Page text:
t is with great honor that the Geneva College football program presents the following article for the

AFCA Summer Manual. Personally, I would like to thank the AFCA for facilitating and fostering the idea of exchanging information among coaches. It truly makes our profession adhere to the most basic core of what we are called to do as educators; teach what we have learned and continue to learn that which we do not know. At Geneva College we have enjoyed the most successful decade in the 112 years of football history by adhering to this same philosophy. We have put a premium on teaching the whole person academically, athletically and spiritually. This philosophy is captured in a small manner in the structure of our defensive scheme by holding our coaching staff accountable for teaching the player in the most simplistic manner. We know that the opponent is time and the balance is somewhere between being mundane and complicated. By using the concept of efficiency, doing the right things, at the right time, in the right manner, we feel our players are prepared for the test that takes place every Saturday. The Geneva defensive system is based on simplicity by utilizing basic structures to create a foundation. Upon that foundation we build multiplicity that remains efficient. The structure is built as follows: Package — Front — Stun t— Coverage The tool that allows us to use this system is the Trigger Term Package. Researchers say that most learning is done by association and by grouping material. The Package System allows for this process by creating a box that contains information specific to that defense. Nomenclature, wording and jargon must be captured in the Trigger Term — a term that will “trigger” a response by a particular player. To achieve this each player must be coded differently so that the term will apply to only the designated player. Example: Field Package This is the most basic defense we run. It is the first defense our freshmen are taught, as it is the first building block of our defensive structure. As shown in Diagram 1, the names of these players are defined as follows: Wide: Corner aligns to wide side of the field. Short: Corner aligns to short side of the field.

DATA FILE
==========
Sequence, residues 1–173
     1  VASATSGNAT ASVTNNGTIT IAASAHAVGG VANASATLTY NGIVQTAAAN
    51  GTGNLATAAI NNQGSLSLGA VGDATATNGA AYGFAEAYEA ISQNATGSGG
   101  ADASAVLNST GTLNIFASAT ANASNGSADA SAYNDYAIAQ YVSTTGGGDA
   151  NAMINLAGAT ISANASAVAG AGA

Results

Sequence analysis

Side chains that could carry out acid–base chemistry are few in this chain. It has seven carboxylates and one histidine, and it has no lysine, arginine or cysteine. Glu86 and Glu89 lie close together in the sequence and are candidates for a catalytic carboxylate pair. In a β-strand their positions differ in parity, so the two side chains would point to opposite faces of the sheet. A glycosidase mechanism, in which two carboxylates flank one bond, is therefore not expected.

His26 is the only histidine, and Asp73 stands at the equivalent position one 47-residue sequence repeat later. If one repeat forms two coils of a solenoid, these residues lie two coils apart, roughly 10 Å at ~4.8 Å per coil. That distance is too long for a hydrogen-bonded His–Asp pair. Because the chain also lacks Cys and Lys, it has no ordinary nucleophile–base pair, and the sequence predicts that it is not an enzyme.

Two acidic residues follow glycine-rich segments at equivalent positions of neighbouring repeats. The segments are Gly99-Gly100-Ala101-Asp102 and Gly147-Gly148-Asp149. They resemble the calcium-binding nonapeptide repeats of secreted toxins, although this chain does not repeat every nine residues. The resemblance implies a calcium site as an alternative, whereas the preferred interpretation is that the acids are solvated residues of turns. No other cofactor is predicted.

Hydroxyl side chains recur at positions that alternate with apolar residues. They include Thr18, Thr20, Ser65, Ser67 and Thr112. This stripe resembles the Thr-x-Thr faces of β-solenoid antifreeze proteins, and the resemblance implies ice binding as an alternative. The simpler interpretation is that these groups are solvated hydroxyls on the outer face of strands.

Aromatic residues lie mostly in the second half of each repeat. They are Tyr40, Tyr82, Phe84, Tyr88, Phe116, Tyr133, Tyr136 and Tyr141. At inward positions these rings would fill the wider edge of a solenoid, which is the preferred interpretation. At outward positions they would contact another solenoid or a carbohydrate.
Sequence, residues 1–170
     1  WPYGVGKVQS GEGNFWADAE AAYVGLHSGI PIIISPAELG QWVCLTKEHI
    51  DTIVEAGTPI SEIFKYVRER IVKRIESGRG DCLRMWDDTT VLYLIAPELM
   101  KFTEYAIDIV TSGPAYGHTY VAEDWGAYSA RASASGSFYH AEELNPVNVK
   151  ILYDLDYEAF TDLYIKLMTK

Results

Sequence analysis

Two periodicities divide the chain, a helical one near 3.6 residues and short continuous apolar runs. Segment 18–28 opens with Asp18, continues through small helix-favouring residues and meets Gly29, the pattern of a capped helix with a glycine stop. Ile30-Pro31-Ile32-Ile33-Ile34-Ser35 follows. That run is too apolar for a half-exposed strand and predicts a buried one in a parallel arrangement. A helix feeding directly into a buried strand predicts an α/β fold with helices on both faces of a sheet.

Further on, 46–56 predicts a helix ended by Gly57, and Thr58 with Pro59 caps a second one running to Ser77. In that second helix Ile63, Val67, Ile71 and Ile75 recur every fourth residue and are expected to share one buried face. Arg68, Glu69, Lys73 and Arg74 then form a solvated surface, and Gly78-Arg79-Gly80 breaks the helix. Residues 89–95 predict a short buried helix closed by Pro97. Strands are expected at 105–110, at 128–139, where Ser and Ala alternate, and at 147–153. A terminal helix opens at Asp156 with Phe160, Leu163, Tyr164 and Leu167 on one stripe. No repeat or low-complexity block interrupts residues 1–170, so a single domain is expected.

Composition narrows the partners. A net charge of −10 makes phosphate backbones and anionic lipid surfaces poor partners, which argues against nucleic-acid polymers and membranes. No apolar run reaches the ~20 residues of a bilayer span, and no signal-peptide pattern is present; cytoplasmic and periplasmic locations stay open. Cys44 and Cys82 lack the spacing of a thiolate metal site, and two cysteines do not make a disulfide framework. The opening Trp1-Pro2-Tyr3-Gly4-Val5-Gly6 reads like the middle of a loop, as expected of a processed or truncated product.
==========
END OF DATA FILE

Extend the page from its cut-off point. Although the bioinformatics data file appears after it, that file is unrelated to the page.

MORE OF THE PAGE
Diagram 1

Geneva Defense: Simply Multiple

Fast: Fast linebacker aligns to the field. Big: Big linebacker aligns to the boundary. Rush: Rush end aligns to the field in a six-technique. Tackle: Tackle aligns to the field in a three technique. Nose: Nose guard aligns away from the field in a shade. End: End aligns away from field in a five technique. Drop: Drop linebacker aligns away from strong safety. Strong: Strong safety aligns to field in support. Free: Free safety aligns deep. There are five basic rules that exist in the Field Package that bridge to our other packages. Namely, the rush, tackle and free saftey all align together and the nose, end and big linebacker align together. This arrangement holds true for our other packages of split, tight, right and left. One other rule that also is true for the other packages is the meaning of the name of the package. This becomes the call once the package is selected. Field is the call made to the wide side or strength if the ball is in the middle. Split is the call made to the split side (Diagram 2).

Eugene DeMarco Head Coach Geneva College Beaver Falls, Pa.

Diagram 2

Tight is the call made to the tight end (Diagram 3). Right is aligning the R, T and F to the right (Diagram 4). Left would align the N, E and B to the right (Diagram 5). Trigger Term Previously mentioned was the use of

• AFCA Summer Manual — 2002 •

Diagram 3

Rush: Sprinter stance — play pass. As you can readily determine, the seven calls have something unique that will trigger the memory of the rush. We purposely name the trigger term with the same first letter of the position player. Trigger Terms for Defensive Sets By using one term, the entire defensive front can be changed. For example, the following trigger term can be added to the package call to create different looks. In Field Bad (Diagram 6) the front now becomes a double eagle.